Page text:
Monday, July 4, 2011

WH Crawford: Patron of Art and Science

In scientia veritas, in arte honestas.
In science truth, in art honour.

The gates at the Crawford Art Gallery, Cork give an nice indication of the connected history of art and science in Cork and elsewhere.

The collection the gallery contains began to be formed in 1819 and the former Custom House of Cork became home to the collection in 1825 when the Royal Cork Institution took control of the building. The RCI was a forerunner of University College Cork. The building was extended in 1884 (when these gates were erected) and again in 2000.

William Horatio Crawford (1812-1888) was a great benefactor of the construction of the gallery extension in the 19th Century. Crawford's father had founded the Beamish and Crawford Brewery in Cork, now no longer a working brewery.

William Crawford of Lakelands (Crawford Gallery Collection)
The family home was at Lakelands near Blackrock- a site now largely occupied by the Mahon Point Shopping Centre.

Crawford was an eminent gardener and horticulturalist, collecting and growing plants at Lakelands from around the world. He had at Lakelands a 'perfect arboreatum...richly planted...with rare shrubs and trees'.

In 1810, West described Lakeland as " one of the most neat and handsome (house and estate) that opulence could desire. The plan, elevation and everything about it, forms a complete picture, being build upon a rising ground, commands a most extensive view at every point, and exquisite rows of beech interspersed with a variety of ever green, descends to the brink of the lake, from which this seat took its name of ... Lakeland. It was lately the residence of Benjamin Bonffield, esq. a gentleman of considerable literary ability... and this elequent mansion is now occupied by William Crawford, esq." (West, 1810).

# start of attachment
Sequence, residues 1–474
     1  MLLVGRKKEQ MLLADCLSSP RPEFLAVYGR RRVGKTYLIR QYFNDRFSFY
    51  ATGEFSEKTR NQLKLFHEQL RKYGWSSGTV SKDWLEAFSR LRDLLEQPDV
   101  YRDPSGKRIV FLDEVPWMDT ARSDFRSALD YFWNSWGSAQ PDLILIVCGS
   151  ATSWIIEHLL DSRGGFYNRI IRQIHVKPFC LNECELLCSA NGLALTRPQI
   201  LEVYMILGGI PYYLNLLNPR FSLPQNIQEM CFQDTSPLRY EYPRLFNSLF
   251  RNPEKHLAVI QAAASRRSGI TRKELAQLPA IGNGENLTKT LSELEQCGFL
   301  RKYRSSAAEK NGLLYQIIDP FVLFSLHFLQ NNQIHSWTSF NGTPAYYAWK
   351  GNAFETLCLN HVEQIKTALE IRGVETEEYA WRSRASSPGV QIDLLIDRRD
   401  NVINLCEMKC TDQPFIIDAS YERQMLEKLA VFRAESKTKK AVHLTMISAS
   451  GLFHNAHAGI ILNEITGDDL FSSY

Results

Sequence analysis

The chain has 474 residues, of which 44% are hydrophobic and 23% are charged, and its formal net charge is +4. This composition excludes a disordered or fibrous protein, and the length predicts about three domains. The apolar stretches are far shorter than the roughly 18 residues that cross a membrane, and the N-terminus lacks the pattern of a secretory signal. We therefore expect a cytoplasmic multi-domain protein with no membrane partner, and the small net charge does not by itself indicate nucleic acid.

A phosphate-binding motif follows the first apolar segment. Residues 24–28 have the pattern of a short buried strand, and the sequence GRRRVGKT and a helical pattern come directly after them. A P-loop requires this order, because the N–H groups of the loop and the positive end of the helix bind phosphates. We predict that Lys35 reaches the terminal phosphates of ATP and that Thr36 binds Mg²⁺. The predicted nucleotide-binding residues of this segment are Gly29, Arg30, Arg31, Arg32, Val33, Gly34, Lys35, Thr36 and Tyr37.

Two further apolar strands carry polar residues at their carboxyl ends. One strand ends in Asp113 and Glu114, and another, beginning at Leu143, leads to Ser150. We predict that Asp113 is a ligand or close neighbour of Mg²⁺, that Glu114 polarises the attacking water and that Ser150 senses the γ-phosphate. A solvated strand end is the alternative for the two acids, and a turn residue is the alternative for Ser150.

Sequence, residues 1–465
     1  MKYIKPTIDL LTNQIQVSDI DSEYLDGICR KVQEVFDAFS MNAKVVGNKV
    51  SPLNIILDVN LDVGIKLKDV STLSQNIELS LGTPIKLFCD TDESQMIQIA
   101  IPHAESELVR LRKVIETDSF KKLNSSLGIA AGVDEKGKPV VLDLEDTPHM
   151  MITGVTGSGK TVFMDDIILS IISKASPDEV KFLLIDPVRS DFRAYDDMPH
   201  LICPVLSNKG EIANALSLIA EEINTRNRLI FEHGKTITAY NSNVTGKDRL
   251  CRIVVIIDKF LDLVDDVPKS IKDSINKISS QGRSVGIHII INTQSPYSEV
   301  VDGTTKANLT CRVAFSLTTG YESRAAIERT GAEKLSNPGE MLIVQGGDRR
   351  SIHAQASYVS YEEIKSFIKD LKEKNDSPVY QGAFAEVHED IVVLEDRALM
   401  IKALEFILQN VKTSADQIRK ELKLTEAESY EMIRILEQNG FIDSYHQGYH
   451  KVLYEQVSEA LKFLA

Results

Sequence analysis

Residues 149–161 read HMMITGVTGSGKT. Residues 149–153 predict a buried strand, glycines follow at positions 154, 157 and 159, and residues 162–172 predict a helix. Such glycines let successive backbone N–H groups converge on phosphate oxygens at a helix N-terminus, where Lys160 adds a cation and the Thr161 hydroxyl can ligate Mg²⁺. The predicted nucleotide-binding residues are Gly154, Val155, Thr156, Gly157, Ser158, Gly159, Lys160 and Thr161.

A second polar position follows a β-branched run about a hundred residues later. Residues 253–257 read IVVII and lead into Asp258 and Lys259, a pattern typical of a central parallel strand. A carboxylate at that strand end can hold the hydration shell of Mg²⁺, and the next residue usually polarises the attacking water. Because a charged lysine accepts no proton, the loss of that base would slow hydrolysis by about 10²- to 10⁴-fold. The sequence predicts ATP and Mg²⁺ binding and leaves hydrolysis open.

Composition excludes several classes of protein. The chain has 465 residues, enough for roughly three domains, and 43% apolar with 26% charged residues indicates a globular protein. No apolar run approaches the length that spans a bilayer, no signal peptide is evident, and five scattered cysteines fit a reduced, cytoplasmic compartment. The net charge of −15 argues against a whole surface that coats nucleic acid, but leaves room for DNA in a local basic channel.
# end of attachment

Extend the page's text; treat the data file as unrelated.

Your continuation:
Crawford's plants included Himalayan and Andean species, magnolias, rhododendrons and cordylines. The Himalayan Magnolia campbellii flowered for the first time in the British Isles at Lakelands.
He was best known for his Brownea species, many of which were bequeathed to Kew and the National Botanic Gardens in Dublin.

Brownea crawfordii was a hybrid of B. grandiceps and B. macrophylla which Crawford produced at Lakelands. It was donated to Kew on his death (from heart disease) and named in his honour.

Little of Lakelands remain except the ruins of a few out buildings and some magnificent monkey puzzle trees which mark the site of the house itself. Other gardens also recieved bequests from the Crawford estate, including Queen's College Cork (now University College Cork).

That wasn't the only thing Crawford left to the College. William Horatio Crawford provided much of the funding for the construction of the Crawford Observatory at UCC in 1878. Still the only observatory on any university campus in Ireland, it was designed by one of the finest scientific instrument makers of the 19th Century, the Dubliner Howard Grubb. The Duke of Devonshire of Lismore Castle in Waterford also provided funding for the observatory.

Crawford also provided significant funding towards the erection of  greenhouses at the Botany Department at UCC.


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